The Supreme Court has observed that, though in a landlord-tenant suit, the landlord is not required to prove his title in the subject property as in a title-suit, but when his/her derivative title is challenged, the same has to be established in some form.
In this case [Vinay Eknat Lad vs. Chiu Mao Chen], the Trial Court had decreed the suit filed by the plaintiffs who claimed to have had derived their right, title and interest to the subject premises from the partnership firm after its dissolution. The High Court reversed the judgment of the Trial Court.
In appeal before the Apex Court, the bench noticed that that sufficient material was not there before the Trial Court or the High Court to establish the original plaintiffs' claim of ownership of the subject premises on the basis of a family arrangement after dissolution of the firm. The bench comprising Justice Deepak Gupta and Justice Aniruddha Bose said:
"There is no material before us from which we could conclude that the original plaintiffs' title to the subject-premises came from residue assets of the dissolved firm. In a landlord-tenant suit, the landlord is not required to prove his title in the subject property as in a title-suit. But when the landlord's derivative title is challenged, the same has to be established in some form. On this point the original plaintiffs have failed before the first two Courts"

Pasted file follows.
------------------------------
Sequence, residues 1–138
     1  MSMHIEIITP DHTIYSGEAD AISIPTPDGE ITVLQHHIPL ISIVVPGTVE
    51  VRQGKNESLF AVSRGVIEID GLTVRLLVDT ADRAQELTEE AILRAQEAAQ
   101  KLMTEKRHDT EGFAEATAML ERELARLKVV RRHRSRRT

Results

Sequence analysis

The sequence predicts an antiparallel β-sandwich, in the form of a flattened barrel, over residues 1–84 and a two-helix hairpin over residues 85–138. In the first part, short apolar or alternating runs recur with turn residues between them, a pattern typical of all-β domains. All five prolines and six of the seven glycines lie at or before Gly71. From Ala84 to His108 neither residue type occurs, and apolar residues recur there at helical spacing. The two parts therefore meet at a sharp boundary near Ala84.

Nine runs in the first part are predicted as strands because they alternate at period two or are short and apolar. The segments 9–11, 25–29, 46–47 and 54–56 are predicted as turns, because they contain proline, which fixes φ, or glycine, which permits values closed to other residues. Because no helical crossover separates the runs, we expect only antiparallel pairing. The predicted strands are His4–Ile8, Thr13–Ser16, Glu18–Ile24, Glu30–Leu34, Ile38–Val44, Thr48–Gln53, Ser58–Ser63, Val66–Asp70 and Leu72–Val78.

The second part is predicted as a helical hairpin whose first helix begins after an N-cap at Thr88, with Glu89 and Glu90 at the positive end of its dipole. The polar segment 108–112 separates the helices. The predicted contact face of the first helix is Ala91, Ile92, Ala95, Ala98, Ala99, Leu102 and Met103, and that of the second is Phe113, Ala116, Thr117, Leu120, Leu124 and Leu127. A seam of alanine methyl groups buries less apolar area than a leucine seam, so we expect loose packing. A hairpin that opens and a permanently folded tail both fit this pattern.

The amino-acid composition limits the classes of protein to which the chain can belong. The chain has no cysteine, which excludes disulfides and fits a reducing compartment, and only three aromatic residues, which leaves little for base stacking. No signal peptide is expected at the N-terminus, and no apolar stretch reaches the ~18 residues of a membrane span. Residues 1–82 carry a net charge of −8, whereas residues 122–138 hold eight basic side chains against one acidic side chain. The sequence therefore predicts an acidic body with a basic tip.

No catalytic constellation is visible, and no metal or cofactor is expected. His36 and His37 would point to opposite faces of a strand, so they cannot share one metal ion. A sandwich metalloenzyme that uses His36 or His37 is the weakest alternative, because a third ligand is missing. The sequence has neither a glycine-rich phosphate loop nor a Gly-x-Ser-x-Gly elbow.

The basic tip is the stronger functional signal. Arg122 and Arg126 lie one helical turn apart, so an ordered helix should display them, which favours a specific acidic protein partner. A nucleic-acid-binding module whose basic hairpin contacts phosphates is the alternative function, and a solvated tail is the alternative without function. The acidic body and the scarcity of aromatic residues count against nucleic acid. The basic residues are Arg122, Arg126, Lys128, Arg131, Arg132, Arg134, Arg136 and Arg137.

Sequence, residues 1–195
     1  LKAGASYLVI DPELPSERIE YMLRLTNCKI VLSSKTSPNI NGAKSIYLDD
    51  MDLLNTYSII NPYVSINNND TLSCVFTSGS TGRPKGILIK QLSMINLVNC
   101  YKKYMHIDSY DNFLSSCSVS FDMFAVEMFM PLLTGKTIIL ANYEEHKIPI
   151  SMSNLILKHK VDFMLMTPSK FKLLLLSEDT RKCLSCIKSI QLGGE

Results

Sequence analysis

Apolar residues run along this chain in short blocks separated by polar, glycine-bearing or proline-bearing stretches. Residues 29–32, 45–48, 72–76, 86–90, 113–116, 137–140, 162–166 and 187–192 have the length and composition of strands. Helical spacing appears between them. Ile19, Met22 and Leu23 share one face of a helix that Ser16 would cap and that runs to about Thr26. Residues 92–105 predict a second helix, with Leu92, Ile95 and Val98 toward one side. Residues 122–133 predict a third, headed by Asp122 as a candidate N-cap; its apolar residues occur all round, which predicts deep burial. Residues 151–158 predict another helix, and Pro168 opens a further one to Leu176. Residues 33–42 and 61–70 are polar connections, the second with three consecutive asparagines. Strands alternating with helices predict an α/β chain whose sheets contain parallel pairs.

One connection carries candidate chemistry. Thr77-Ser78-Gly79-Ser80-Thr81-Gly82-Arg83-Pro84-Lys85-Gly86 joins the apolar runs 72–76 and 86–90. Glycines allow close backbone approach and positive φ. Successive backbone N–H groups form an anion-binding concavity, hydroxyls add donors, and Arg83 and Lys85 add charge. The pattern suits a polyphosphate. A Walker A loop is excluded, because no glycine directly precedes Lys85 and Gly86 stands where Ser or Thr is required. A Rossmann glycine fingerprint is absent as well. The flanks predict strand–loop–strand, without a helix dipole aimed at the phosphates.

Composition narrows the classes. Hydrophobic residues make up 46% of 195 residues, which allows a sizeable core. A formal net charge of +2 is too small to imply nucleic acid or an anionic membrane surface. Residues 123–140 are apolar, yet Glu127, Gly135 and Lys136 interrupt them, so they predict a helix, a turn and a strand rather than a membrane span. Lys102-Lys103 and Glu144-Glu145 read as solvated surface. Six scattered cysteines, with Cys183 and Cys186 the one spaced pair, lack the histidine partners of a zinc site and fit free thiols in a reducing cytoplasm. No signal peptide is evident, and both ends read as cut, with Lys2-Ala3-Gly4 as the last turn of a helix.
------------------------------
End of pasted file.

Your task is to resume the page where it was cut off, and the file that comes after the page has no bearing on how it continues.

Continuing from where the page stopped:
Though the principle of estoppel bars a tenant from questioning the title landlords [Section 116 of the Evidence Act], the court said that in this case, the said principle cannot be made applicable in the present case straightaway as the main defence set up by the tenant is that he had acknowledged the said partnership firm as the landlord but questioned the locus standi of the plaintiffs, who operated under the same trade name. It added:
"In absence of attornment or public notice of dissolution, the defendant had no way of having knowledge of change of landlord of the subject-premises from partnership firm to a co ownership concern. The co-ownership firm admittedly was not the defendant's landlord at the time of commencement of the lease. Thus, the identity of the landlord stood altered, though the seventeen individuals continued to operate under the same trade name."
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